- How well does Executive Order (EO) 13771 address reform proponents' concerns?
- What challenges does EO 13771 present from an implementation perspective?
The early days of President Donald Trump's administration were characterized by a burst of activity meant to roll back regulation, including Executive orders (EOs) to regulate the U.S. financial system, enforce a regulatory reform agenda, and reduce regulation while controlling regulatory costs. These reforms, particularly EO 13771, can potentially affect every part of the economy touched by federal regulation through the Office of Management and Budget's (OMB's) annual review of regulation. This Perspective considers how well EO 13771 addresses the concerns of those who have long supported regulatory reform and how agencies and OMB might best face the challenges and opportunities associated with implementing regulatory reform.
The Regulatory Budget Offered on EO 13771 Is Unlikely to Fully Address Proponents' Concerns
- While it does seek to reduce costs, it does little to address proponents' concerns that bureaucracies have tended to overestimate benefits and underestimate costs.
- The EO does provide a mechanism for requiring regulators to prioritize between alternative regulations, but the process regulators will likely use to make those decisions is the same process that proponents of regulatory budgets argue is biased.
Much Work Remains to Successfully Address the Issue of Organizational Culture and the Ways in Which That Culture Is Likely to Influence the Implementation of a Regulatory Budget
- While aspects of reform, such as the call for retrospective analysis in EO 13777, can be a key part of instituting the cultural changes necessary to make a regulatory budget effective, the "two-for-one" approach of EO 13771 reinforces a regulatory mindset that focuses on which regulations to cut rather than how to most efficiently reduce regulatory burden.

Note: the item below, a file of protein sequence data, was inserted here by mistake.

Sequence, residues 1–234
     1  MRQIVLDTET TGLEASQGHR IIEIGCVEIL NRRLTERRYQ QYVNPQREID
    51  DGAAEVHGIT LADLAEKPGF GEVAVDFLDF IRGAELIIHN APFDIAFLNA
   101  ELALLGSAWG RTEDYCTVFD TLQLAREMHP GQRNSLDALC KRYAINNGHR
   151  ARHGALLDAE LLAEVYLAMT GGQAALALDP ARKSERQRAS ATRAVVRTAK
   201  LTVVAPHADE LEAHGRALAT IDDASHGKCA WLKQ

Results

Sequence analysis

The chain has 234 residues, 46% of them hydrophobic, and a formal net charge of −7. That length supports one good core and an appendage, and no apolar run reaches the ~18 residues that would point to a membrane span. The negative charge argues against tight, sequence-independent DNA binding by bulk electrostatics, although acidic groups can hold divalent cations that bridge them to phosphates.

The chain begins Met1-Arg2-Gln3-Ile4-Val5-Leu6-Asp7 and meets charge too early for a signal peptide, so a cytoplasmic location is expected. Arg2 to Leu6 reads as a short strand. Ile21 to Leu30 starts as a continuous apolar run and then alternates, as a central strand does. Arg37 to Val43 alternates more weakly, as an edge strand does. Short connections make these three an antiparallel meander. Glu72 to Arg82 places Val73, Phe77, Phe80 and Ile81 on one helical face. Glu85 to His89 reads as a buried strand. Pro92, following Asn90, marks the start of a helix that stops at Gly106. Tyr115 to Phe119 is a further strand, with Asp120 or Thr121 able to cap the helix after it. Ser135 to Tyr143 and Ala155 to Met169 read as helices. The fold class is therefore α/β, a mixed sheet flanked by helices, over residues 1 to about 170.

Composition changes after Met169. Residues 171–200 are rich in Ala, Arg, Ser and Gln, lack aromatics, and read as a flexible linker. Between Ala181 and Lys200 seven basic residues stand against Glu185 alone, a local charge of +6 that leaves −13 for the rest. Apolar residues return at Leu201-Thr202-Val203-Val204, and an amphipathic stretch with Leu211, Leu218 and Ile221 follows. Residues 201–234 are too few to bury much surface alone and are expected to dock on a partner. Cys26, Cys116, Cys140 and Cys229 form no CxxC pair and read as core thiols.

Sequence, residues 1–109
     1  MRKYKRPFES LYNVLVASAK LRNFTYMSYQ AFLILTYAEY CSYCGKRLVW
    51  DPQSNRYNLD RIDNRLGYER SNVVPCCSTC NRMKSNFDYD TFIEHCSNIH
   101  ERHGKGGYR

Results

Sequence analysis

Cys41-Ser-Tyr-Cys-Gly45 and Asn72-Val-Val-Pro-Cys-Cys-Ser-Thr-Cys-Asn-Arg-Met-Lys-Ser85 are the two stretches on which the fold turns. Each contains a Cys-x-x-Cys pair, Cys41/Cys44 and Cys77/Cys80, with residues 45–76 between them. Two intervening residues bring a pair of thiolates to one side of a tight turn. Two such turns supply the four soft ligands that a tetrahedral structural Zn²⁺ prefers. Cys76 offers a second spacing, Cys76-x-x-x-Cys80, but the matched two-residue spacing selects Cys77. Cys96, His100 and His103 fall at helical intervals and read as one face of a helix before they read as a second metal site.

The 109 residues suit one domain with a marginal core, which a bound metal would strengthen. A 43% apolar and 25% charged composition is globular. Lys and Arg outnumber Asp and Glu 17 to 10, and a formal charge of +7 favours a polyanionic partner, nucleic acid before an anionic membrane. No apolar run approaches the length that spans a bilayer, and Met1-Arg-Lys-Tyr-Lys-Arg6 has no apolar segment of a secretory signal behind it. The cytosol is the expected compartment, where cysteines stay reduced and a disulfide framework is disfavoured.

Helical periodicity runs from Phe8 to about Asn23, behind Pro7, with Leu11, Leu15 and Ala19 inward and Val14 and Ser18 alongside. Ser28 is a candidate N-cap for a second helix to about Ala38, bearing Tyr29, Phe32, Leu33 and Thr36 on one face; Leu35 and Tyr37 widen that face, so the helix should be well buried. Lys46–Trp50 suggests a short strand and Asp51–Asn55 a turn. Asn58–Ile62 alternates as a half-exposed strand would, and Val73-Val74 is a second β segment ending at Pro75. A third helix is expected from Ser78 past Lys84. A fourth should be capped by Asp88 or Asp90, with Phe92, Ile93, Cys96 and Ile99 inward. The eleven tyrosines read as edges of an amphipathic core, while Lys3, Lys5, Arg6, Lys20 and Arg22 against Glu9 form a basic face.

- Without further changes in guidance, regulators are unlikely to focus on the kinds of changes in how to regulate that have accounted for most of the cost savings generated by the UK's regulatory budget.
- Implementing a regulatory budget comes with many practical challenges, such as determining how nonmonetary costs are to be considered.
- Encouraging agencies to put more resources toward reconsidering existing regulations can reduce unnecessary costs, but forcing agencies to reduce costs by a set amount risks the elimination of regulations with positive net benefits.
- Policy changes, such as retrospective analysis, can help address concerns about the accuracy of current cost-benefit analyses if those policy changes are focused less on what to regulate and more on how to regulate. Policy changes also need to include consideration of the regulatory culture with appropriate changes to the reward and recognition system to ensure career support for regulatory experts involved in retrospective analysis and changes in the "how to regulate" mindset.
- Policymakers should remember that regulations are not necessarily harmful to industry. The reputation of quality held by U.S. regulations imparts a competitive advantage to U.S. businesses. Removing or preventing the creation of beneficial regulations could directly harm U.S. businesses.